The history of the Queensland’s first light rail project began back in the mid-1990s, when projections for growth on the Gold Coast made it apparent that the city’s present infrastructure would struggle to cope with a fast rising population. Traffic congestion in particular would inevitably become a bigger problem – more accessible public transport and a more efficient way of using existing roads were chosen as the best method of combating this issue.
The first real plan for the Gold Coast Light Rail was laid out in the Gold Coast City Council Transport Plan 1998, after several years of review. Other modes of public transportation were also considered, such as a monorail, a rapid bus transit system, higher-frequency buses, adding bus lanes, etc. After review, light rail was chosen as the superior candidate, as a monorail was both too costly to construct and not accessible enough for passengers. Bus services were also considered a poor choice, as they would contribute to the traffic congestion and pollution problems, while a light rail system would actually reduce congestion and pollution.
Questions on whether light rail was really a better option than buses, and how a light rail system would be best and most effectively implemented on the Gold Coast, culminated in a three-year, multi-million dollar feasibility study, financed by the Queensland and Commonwealth governments, along with the Gold Coast City Council. The draft summary report of the Gold Coast Light Rail Feasibility Study was released in 2004. Among other things, the study revealed that light rail could also move far greater passenger numbers than buses, confirming the choice of a light rail system for the Gold Coast.
Preliminary plans for track routes and station locations called for the light rail network to be constructed and implemented in stages, concentrating on higher traffic areas first. Before any kind of work could begin, the significant amount of property that would be affected by Stage One construction between Griffith University and Broadbeach had to be addressed. This led to lengthy delays by citizens who were opposed to both the property acquisition and the light rail system itself, believing that it was all for tourists and would be of no benefit to (and perhaps even the detriment of) the locals.
By 2009, with the project already running years behind schedule, the Queensland government confirmed that it had spent $16.5 million on property resumptions, and had allocated $170 million for total resumptions. It was confirmed that the Queens Park Tennis Club and Southport Croquet Club would both have to be relocated and rebuilt, another point of controversy for residents.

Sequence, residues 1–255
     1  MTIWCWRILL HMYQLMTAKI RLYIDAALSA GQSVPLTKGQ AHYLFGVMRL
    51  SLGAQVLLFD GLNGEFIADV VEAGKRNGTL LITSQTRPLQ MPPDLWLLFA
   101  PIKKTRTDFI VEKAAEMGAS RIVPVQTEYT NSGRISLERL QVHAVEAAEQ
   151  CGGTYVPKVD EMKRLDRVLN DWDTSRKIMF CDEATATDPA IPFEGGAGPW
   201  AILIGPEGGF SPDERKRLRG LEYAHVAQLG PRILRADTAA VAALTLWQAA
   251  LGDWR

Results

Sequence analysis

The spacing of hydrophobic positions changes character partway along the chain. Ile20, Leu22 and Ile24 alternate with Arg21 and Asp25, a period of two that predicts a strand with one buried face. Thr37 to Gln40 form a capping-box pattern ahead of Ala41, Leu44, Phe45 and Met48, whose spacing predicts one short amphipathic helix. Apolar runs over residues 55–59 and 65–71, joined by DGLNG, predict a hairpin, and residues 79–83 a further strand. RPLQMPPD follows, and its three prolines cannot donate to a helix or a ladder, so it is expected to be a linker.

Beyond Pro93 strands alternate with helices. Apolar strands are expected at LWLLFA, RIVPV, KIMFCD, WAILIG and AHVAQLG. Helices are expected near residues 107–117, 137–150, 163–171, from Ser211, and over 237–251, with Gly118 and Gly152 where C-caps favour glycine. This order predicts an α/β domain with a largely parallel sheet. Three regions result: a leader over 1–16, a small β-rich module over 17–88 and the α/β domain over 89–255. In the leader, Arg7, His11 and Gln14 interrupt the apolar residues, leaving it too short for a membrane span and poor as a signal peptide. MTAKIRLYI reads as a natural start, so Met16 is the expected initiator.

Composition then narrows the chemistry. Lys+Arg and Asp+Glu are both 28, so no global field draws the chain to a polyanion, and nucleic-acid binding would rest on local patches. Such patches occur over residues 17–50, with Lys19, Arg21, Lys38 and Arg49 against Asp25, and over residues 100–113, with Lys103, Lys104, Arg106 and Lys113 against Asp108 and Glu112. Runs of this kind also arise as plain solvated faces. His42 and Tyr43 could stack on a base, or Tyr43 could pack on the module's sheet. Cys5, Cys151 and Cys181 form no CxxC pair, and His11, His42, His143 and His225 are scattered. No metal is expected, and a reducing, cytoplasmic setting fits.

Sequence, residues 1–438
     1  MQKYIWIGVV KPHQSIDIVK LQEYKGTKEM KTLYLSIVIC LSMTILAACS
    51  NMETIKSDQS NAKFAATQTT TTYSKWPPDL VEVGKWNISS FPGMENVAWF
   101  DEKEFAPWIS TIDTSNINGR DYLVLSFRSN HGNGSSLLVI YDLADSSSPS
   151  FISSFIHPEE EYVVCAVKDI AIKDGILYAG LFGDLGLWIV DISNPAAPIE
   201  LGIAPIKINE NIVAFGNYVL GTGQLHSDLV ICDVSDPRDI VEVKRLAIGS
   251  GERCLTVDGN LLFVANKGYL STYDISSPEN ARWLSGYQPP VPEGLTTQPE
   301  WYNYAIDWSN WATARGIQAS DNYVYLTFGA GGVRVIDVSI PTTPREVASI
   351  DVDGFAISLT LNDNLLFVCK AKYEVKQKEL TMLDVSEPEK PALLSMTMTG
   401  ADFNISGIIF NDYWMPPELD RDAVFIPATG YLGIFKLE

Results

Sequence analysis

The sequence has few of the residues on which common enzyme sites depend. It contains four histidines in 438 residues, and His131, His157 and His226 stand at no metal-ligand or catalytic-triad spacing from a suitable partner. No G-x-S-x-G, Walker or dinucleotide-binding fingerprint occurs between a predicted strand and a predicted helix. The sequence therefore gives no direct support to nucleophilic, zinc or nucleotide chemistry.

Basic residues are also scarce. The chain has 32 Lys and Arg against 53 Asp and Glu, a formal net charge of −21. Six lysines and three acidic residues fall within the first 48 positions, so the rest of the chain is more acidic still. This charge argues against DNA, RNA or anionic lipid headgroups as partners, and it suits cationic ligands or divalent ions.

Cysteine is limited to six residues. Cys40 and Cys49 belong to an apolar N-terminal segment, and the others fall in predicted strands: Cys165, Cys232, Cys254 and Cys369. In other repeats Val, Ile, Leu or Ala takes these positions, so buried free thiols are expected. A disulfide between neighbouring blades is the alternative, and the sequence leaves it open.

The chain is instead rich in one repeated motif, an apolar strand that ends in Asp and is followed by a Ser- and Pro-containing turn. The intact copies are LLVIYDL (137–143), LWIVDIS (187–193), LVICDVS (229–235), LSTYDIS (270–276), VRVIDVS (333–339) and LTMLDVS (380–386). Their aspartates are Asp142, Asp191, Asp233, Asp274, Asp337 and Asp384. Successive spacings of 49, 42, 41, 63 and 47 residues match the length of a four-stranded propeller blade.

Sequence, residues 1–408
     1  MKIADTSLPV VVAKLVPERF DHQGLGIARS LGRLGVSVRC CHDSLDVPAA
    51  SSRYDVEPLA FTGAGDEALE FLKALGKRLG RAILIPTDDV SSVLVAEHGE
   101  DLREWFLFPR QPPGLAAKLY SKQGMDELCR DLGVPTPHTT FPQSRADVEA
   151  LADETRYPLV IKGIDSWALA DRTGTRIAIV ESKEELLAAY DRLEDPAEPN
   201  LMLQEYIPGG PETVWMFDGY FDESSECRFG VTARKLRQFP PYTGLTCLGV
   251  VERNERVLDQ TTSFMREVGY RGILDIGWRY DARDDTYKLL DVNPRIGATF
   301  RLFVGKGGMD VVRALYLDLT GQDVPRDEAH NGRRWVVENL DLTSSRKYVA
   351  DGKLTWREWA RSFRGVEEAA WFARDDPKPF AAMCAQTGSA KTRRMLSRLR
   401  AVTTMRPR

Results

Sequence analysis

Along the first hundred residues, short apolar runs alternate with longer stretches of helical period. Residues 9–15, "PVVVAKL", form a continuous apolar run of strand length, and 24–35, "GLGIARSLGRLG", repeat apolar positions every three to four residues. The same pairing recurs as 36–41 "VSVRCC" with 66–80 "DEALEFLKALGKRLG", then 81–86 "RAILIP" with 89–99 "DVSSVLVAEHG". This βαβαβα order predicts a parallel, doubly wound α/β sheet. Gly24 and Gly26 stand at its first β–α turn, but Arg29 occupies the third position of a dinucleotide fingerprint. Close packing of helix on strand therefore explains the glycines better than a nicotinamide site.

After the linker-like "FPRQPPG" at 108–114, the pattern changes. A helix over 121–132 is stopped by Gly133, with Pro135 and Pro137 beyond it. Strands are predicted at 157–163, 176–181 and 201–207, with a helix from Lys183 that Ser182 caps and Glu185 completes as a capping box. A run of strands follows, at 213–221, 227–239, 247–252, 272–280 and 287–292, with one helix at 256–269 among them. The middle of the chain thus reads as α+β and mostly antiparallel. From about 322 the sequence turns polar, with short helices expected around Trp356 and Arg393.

Despite the controversial nature of the project, further funds from the federal and state governments, and the local council, moved the Gold Coast Light Rail from the planning stage to procurement in 2010. Bids for roadworks, station construction, project design and implementation, etc. were called for. Leighton Holdings was awarded the contract for constructing the shell that will eventually house the Gold Coast University Hospital station, beginning in July 2010 and completed in July 2011. Early roadworks began in Broadbeach and Southport in late 2010, and were completed in late 2011.
In May 2011, GoldlinQ – a group of companies consisting of GoldLinQ Pty Ltd, McConnell Dowell Constructors Pty Ltd, Bombardier Transportation Australia Pty Ltd and KDR Gold Coast Pty Ltd – was awarded the contract to design, build and operate Stage One of the rail system. This included installation of the tram tracks and overhead power supplies, design and build of the tram cars themselves, construction of stations and other structures, testing and reviews, and a 15 year contract to maintain the system infrastructure and to run the day-to-day operations of the system after it’s opened to the public.
Major construction of the Stage One light rail corridor commenced in January 2012, due to be completed in late 2013. Testing and commissioning of the system should begin in early 2014, with Stage One due to commence public passenger service in June 2014. According to the Transport Strategy 2031, released by the Gold Coast City Council in late 2012, further stages of construction to expand the network are in the preliminary planning stage for the coming years.